South African workers from NUMSA went on strike July 4, 2011 demanding a 13 percent pay hike from the bosses. Workers in other sectors including chemicals and petrol have followed suit., a photo by Pan-African News Wire File Photos on Flickr.
Now Solidarity fuels fire
Jul 14, 2011 | AMUKELANI CHAUKE, KHUTSO TSIKANE and SIPHILISELWE MAKHANYA
A wave of panic is sweeping across South Africa as an increasing number of petrol stations reportedly run dry.
And trade union Solidarity, which has 6000 members in the petroleum sector, has threatened to down tools at Sasol's main refinery in Secunda, Mpumalanga, a move it says will lead to the plant shutting down.
Sasol did not respond to questions yesterday.
The fuel strike entered its fifth day yesterday. More than 70000 members of the Chemical, Energy, Paper, Printing, Wood and Allied Workers' Union have downed tools since Monday, halting the supply of petrol from depots to filling stations.
While major retailers insist they have not been affected, the Fuel Retailers' Association, which represents all petrol stations across the country, has admitted that the industrial action has caused massive fuel backlogs, from which members are struggling to recover, especially in townships.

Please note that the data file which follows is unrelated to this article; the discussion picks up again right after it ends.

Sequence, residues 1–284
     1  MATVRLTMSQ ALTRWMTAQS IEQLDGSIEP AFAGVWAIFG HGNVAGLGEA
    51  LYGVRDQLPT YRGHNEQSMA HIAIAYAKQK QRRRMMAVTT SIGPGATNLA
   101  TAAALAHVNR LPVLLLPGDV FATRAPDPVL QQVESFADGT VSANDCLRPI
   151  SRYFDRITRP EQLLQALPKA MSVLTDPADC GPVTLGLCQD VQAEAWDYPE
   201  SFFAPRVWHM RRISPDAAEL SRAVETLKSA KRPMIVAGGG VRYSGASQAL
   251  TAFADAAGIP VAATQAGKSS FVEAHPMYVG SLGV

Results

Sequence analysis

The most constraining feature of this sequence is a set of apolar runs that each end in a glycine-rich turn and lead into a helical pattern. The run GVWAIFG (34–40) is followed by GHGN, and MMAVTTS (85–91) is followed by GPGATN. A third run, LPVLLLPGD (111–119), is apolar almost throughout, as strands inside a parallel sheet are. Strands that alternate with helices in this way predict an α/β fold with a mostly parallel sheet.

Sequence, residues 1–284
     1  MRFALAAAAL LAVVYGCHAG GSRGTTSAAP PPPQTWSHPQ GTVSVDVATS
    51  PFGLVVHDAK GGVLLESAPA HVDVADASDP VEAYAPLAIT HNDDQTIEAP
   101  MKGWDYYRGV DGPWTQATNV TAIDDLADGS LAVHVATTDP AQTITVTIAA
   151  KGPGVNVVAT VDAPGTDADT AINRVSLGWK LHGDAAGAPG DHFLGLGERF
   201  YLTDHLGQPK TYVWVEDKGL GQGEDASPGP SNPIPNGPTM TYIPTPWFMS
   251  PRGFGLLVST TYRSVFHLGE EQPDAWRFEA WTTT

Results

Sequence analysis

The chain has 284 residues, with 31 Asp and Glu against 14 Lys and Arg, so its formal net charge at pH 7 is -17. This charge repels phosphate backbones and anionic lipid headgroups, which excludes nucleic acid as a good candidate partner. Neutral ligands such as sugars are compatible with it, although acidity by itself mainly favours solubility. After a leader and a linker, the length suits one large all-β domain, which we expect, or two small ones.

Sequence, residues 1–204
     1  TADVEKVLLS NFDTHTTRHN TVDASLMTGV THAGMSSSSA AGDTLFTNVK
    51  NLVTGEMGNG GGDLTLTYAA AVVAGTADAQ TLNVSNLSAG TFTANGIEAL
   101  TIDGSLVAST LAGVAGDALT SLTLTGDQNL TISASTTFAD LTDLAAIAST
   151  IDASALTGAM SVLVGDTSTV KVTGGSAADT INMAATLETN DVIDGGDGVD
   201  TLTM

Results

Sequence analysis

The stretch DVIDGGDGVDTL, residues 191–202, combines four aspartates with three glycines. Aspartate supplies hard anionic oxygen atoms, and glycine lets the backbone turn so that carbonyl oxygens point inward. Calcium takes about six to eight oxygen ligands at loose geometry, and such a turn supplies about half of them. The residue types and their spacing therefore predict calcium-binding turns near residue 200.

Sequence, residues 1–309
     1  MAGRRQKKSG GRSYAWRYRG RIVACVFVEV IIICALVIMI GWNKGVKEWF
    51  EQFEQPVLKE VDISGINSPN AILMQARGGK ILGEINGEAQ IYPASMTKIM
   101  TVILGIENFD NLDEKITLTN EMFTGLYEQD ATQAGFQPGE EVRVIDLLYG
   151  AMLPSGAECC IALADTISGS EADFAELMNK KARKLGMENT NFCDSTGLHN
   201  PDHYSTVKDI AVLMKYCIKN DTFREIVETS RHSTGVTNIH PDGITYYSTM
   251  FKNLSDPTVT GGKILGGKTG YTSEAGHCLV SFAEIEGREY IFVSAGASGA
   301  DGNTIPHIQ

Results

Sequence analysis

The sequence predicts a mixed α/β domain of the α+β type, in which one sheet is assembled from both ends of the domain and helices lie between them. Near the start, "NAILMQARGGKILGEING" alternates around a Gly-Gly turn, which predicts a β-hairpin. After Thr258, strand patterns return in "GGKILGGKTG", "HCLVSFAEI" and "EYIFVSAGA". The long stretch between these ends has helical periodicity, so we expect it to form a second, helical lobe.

Reggie Sibiya, the association's CEO, said hundreds of pumps had run dry. He urged unions and employers to "put their feet on the gas" because the shortage was affecting everyone.
"The shortages have already had an impact on business. Business is not able to deliver stock; they are bleeding," he said. "They are still paying wages, but there is no stock on the shelves to sell."
The most affected provinces were Gauteng and KwaZulu-Natal, with townships such as Soweto the hardest hit.
Mateboho Tsiu, the spokesman for the Consumer Goods Council, which represents 11000 members in the retail and manufacturing sectors, said should the strike continue, "business will come to a standstill".
"Contingency measures have been put in place for non-consumable goods. Extra stock is being delivered to those retailers and businesses that have the capacity to store extra goods," said Tsiu.
"The perishable consumable goods cannot, however, be predelivered as they have a very short lifespan."
But major chain stores insist their businesses have not been affected.
Neal Quirk, Pick n Pay's operations director, said: "We have been in touch with our service providers, who have assured us that they have the appropriate contingency measures in place."
Woolworths and Shoprite said they would not be affected by current shortages.
Premier Foods chief executive Ian Visser said that although the strike had not yet affected stock delivery, the company would "need replenishments soon".
Shell South Africa spokesman Elton Fortuin said 50 of its 230 retail sites in Gauteng were without petrol.
"We have not been able to recover fully from a delivery backlog in Gauteng since many retail sites are experiencing considerably higher sales.
"Protest action on Monday and Tuesday prevented us delivering fuel in the area," he said.
Fortuin said striking workers continued to intimidate Shell employees, but the company would continue to ensure the safety of its workers.
There were reports that Shell tankers were being stoned.
"We are trying our level best to maintain fuel deliveries and meet increased demand amid pockets of strike activism in various locations," he said.